Marsy’s Law could be problematic for Clark County judicial system

7:00 a.m. Saturday, Feb. 24, 2018 Politics
Details are still being worked out as a new state crime bill providing more rights for cime victims goes into effect. Bill Lackey/Staff

A new statewide law approved by voters last year providing more rights to victims of crimes may have an impact on the local court system, Clark County officials said.

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The new law, which came into effect on Feb. 5, gives victims or anyone harmed by a crime the right to receive notifications, give input in court proceedings and receive full and timely restitution.

Local leaders say the law broadens the definition of a crime victim, meaning it could extend to other family members, guardians and other people with relationships to the victim, including non-human entities, such as businesses or insurance companies. The Clark County Criminal Justice Council discussed how it will implement the new law at its quarterly meeting earlier this month.

“It’s kind of an easy sell, if you think about it,” said Common Pleas Court Judge Tom Capper, “but as they say in the world of everything, the devil is in the details. That’s the issue here.”

Victims are also allowed to refuse discovery requests made by the defense, be guaranteed privacy and reasonable protection, and have a right to “prompt conclusion of the case.”

The statewide ballot initiative passed overwhelmingly at the polls last November with more than 80 percent of the vote.

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Billionaire Henry T. Nicholas III, a native of Cincinnati , is founder of the issue known as Marsy’s Law. The law is named after Nicholas’s sister, Marsalee, who was murdered by an ex-boyfriend in California in 1983.

Nicholas bankrolled the campaign, as he has in other states. Voters in California, Illinois, Montana, North Dakota and South Dakota have all adopted Marsy’s Law. After the win, Nicholas said he plans to push for an amendment to the U.S. Constitution.

Capper discussed where a hypothetical situation where a person is accused of breaking into five homes each of which contain four different people. Under the new law, there would be 20 victims, he said. Those victims must be made aware of their rights, but it doesn’t indicate who must tell them about their rights, Capper said.

The initial notification will likely come from law enforcement who will pass out Marsy’s Law cards detailing victims’ rights at the scene of the crime, Capper said. The Clark County Prosecutor’s Office will also pass out cards during its weekly grand jury hearings, Prosecutor Andy Wilson said.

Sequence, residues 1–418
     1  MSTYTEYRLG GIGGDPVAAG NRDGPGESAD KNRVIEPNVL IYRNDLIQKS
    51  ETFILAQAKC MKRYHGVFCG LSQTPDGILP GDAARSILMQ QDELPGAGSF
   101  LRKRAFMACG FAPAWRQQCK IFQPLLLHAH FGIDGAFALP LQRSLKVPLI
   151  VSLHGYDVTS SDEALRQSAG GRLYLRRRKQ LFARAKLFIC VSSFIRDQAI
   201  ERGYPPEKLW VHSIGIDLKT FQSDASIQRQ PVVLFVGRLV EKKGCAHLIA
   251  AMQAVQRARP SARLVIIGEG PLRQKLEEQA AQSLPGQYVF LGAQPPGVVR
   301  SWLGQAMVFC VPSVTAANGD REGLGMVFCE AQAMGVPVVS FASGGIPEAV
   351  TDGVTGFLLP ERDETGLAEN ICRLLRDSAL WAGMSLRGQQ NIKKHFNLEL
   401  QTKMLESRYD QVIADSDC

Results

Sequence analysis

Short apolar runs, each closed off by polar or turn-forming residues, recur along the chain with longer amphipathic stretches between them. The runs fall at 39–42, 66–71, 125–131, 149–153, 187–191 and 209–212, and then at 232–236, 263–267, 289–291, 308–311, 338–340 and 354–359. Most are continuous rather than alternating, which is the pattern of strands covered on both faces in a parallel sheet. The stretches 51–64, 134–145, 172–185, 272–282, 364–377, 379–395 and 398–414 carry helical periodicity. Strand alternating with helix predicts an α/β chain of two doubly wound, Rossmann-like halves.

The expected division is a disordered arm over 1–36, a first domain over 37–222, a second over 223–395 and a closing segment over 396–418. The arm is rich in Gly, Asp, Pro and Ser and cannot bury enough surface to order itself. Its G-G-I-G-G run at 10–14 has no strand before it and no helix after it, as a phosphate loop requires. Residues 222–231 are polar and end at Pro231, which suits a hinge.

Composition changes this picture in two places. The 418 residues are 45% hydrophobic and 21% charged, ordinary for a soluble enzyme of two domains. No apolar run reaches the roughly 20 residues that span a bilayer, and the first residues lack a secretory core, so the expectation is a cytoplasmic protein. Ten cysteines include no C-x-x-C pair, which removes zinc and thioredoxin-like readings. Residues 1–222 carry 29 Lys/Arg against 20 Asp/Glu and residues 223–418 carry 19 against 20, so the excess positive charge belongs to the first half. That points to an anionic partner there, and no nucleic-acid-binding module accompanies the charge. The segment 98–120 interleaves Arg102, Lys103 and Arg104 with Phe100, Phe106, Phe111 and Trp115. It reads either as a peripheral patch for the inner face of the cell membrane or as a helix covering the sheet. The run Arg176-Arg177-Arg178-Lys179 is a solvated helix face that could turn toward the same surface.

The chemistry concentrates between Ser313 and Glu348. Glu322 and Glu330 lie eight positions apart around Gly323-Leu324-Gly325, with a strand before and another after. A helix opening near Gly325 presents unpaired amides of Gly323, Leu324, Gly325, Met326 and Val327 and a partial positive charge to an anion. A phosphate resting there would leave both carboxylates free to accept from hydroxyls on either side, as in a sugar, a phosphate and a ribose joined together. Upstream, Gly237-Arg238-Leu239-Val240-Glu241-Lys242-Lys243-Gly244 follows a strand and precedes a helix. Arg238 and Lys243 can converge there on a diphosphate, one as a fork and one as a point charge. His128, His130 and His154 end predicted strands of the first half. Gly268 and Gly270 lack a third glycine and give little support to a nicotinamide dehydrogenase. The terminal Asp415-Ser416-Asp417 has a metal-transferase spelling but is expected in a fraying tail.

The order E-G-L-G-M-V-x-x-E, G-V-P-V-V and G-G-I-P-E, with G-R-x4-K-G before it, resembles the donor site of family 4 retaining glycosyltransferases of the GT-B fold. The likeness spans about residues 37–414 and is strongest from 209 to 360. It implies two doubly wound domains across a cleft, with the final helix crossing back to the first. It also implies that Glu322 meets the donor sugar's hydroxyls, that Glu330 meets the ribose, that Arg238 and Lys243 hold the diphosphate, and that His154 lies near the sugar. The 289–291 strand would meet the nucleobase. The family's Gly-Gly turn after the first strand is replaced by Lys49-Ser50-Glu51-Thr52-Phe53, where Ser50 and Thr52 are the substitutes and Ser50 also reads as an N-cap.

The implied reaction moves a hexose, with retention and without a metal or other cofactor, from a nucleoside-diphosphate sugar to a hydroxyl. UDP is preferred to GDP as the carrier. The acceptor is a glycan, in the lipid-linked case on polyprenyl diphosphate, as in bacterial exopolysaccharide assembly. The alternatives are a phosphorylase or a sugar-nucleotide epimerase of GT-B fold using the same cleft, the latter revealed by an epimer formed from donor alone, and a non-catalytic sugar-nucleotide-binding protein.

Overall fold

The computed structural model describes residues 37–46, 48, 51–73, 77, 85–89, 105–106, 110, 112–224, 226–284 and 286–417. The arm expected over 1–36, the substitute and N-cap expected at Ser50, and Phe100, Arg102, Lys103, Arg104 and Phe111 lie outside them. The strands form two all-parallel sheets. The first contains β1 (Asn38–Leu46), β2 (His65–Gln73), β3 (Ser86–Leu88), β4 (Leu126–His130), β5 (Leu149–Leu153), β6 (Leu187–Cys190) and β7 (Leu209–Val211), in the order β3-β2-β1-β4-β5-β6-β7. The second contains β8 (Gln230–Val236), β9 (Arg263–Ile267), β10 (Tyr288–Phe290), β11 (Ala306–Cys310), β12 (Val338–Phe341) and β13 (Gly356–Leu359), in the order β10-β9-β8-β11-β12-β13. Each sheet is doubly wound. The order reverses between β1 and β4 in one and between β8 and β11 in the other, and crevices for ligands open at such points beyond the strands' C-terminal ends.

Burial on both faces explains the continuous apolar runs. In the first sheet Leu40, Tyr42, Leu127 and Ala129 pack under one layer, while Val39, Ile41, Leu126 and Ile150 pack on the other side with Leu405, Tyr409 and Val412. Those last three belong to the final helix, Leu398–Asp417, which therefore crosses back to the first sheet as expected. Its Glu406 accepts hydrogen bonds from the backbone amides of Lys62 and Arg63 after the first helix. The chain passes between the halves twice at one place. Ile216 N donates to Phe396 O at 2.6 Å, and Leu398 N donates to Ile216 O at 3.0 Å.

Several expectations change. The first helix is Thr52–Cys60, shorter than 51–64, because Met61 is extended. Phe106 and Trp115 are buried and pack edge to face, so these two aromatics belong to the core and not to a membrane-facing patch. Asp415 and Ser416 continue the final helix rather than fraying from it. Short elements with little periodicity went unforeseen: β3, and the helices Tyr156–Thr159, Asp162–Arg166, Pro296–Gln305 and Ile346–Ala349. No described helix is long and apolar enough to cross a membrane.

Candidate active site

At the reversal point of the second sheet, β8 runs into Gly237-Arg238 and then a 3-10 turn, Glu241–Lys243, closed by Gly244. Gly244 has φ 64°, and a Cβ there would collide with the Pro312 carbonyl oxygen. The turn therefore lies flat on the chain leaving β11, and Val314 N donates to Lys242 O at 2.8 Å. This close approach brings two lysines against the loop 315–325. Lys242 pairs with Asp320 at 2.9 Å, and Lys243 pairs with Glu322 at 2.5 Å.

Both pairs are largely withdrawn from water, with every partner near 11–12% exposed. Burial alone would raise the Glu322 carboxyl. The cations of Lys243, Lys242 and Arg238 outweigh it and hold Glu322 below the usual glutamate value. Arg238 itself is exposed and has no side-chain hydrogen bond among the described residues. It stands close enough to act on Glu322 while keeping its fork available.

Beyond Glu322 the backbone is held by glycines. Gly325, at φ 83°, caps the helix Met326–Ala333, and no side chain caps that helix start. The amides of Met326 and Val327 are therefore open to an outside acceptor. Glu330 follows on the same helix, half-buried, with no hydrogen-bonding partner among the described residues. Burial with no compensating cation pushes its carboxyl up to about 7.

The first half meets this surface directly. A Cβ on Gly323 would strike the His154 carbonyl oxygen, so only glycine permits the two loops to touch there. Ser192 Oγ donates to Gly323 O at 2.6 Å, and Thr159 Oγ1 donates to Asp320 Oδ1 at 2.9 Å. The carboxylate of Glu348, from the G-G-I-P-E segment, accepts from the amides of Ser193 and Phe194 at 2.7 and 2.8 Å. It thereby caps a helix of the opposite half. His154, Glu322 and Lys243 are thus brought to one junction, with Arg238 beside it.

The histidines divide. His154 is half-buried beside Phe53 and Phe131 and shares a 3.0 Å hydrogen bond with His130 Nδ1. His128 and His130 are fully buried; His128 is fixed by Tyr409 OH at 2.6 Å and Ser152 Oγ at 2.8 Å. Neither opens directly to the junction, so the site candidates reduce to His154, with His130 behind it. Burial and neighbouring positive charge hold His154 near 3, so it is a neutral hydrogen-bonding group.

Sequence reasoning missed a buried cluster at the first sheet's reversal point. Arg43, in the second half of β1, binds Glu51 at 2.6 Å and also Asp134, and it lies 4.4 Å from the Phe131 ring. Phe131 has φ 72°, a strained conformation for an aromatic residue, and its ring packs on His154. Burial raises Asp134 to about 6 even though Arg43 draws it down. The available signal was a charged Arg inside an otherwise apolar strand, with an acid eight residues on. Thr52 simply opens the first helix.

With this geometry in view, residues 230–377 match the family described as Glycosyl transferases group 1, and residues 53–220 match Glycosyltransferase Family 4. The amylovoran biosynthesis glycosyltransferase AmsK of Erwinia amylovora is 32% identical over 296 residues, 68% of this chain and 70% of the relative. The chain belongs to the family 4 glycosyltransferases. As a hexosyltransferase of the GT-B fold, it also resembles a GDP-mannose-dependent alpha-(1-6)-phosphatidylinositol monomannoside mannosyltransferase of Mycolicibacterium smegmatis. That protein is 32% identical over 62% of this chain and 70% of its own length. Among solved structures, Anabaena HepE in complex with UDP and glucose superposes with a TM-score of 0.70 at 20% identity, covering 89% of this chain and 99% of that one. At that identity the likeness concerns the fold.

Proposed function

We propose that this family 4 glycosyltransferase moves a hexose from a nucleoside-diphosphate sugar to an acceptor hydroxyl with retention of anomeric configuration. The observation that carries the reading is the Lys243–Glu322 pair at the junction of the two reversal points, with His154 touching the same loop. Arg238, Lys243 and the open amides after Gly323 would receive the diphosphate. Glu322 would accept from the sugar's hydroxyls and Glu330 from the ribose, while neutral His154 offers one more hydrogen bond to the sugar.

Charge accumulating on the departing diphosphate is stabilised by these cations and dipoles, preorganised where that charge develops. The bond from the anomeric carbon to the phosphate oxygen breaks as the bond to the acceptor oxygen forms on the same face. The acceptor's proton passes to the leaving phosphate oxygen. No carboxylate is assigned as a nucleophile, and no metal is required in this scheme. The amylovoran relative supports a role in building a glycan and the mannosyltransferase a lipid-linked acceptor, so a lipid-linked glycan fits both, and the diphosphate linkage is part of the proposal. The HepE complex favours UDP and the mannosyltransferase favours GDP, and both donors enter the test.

The law also creates a problem for the Clark County Prosecutor’s Office and the Clark County Public Defender’s Office, which are both located on the fourth floor of the Clark County Municipal Courthouse and County Offices building. The Prosecutor’s Victim/Witness division is also located on the fourth floor, meaning victims, witnesses and suspects may see each other while going to speak with representatives, Clark County Prosecutor Andy Wilson said.

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“It obviously creates a lot of of issues for us,” he said.

The law also requires victims be notified about hearings and to be heard in any public proceeding, Capper said. It could lead to a scenario where multiple victims of one defendant may all wish to speak at an event like an arraignment, he said. The event could take much longer than the time typically allotted, especially if victims’ have an issue with a defendants’ bond, Capper said.

“They have the right to be heard,” he said. “It will be up to the courts to figure out how to handle that.”

The law could create a scenario where if a victim isn’t heard and is unhappy with a sentencing, it could appeal the decision in appellate court, Capper said. The courts will likely have to develop a system for notifying victims about a case, he said.

The notification will likely come from the Victim Witness division, Wilson said, which works with both the Common Pleas and the Municipal Courts.

“We’re doing about 80 percent of this anyway,” he said.

The changes must also be made without any extra funding, Capper said.

“The general concept is good and since we haven’t done anything in 23 years in this state to protect victims’ rights, maybe we did need an upgrade,” Capper said. “When you do this kind of thing, you have to look at the details and I’m not sure anybody paid as much attention to this in practice as they maybe should have.”


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